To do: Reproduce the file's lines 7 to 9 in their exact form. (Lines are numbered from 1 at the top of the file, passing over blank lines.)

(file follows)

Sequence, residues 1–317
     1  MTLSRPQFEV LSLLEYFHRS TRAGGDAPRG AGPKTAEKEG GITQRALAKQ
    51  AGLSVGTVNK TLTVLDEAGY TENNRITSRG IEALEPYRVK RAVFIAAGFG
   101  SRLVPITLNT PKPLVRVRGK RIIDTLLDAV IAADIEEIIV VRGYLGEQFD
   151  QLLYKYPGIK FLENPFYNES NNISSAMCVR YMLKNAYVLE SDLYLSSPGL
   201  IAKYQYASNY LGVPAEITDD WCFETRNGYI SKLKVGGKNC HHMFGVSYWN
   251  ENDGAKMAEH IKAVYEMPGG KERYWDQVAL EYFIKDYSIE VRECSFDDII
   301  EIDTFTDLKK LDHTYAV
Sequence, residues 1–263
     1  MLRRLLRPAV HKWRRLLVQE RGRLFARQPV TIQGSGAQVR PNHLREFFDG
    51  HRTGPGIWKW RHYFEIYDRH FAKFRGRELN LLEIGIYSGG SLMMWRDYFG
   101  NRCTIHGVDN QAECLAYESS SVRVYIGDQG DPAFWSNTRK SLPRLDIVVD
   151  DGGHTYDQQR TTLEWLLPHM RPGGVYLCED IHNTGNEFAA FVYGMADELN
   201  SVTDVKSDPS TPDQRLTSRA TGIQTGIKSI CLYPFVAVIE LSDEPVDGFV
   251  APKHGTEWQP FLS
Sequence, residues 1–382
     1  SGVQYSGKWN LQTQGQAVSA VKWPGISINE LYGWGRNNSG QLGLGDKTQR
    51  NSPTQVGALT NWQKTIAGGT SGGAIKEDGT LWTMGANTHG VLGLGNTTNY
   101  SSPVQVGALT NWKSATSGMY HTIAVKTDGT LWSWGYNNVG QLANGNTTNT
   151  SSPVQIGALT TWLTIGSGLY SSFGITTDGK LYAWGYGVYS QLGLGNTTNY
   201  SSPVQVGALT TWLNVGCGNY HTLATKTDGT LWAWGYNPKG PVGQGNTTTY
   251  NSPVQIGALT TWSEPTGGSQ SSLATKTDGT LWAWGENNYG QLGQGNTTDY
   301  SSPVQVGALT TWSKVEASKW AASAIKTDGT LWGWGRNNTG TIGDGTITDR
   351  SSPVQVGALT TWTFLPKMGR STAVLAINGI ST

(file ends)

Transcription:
   251  ENDGAKMAEH IKAVYEMPGG KERYWDQVAL EYFIKDYSIE VRECSFDDII
   301  EIDTFTDLKK LDHTYAV
Sequence, residues 1–263